Sustainability seems burdened with a phantom set of air quotes. Just what defines "sustainability" is a tricky conversation, made trickier by how much civic leaders and campaigning politicians love to trot it out. There's an unfortunate whiff of sloganeering to the term, and when government starts talking about it, bureaucracy seems to be waiting just offstage.
Now the city of Boise is partnering with the Idaho Conservation League and Conservation Voters for Idaho to put its money where its mouth is when it comes to those twin municipal obsessions: sustainability and "livability."
As Boise Weekly News Editor George Prentice reports on those efforts--in their infancy--will almost certainly include some kind of city department to steer various projects to further "green" in the City of Trees.
It's a noble concept and other cities have taken this route--notably Austin, Texas, which set up its own Office of Sustainability in 2010. Armed with a budget of $1.38 million, the office was launched with, as the Austin Chronicle reported April 5, "a pile of good intentions" and a slate of projects already under way by various other departments.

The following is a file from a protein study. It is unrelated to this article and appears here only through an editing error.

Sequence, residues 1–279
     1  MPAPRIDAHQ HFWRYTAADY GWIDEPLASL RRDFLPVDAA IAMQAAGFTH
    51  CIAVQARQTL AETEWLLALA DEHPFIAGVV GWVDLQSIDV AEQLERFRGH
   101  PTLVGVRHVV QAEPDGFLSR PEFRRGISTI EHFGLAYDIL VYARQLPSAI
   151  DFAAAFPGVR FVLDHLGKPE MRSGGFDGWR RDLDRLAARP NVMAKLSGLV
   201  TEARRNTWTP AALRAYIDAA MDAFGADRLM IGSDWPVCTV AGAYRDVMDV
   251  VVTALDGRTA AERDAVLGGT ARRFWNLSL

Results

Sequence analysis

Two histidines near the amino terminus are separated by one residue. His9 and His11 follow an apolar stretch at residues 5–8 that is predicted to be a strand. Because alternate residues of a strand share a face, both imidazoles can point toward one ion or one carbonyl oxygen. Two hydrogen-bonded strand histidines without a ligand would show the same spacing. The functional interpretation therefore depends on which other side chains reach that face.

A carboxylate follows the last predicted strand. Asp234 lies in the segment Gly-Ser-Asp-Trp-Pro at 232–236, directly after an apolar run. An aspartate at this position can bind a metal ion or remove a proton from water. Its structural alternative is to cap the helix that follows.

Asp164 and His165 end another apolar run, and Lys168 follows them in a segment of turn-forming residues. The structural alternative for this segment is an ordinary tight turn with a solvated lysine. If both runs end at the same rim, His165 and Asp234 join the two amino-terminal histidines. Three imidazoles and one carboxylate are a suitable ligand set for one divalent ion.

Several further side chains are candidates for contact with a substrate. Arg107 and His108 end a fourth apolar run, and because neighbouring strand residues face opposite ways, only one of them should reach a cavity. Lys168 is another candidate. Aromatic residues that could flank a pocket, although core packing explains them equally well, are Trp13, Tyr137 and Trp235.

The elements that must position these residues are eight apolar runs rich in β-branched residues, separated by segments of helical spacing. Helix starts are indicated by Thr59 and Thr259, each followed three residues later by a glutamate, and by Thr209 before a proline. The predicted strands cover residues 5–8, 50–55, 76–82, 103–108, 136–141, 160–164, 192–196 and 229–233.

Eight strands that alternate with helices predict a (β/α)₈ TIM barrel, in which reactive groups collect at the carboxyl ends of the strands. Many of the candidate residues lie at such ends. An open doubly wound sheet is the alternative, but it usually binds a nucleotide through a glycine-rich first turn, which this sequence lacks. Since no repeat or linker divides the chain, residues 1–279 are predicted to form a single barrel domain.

Nonetheless, after three years, Austin's Chief Sustainability Officer Lucia Athens is still in the unenviable position of justifying her job with little to show a skeptical City Council--except, of course, an amorphous feeling that Austin's image of sustainability is "a key attractor for businesses that are coming here," as she was quoted saying by the Chronicle.
The problem--and peril with these kinds of initiatives--is that Austin's sustainability office isn't big enough or powerful enough to wrap its arms around the whole of city government to guide (much less push) its programs to fruition.
What sets Boise's plan apart from Austin's reality, however, is the partnership between the city and conservation groups. In Austin, buy-in from the area's environmental community has not been forthcoming and the city's support has been lukewarm.
That may well be the saving grace for a Boise "office of sustainability," rescuing it from becoming a clearinghouse for eco-platitudes. If it's true what Boise Mayor Dave Bieter says--that sustainability is "part of our city's marrow"--the public would do well to remind its leaders that strong bones are important for the heavy lifting needed to make these efforts worthwhile.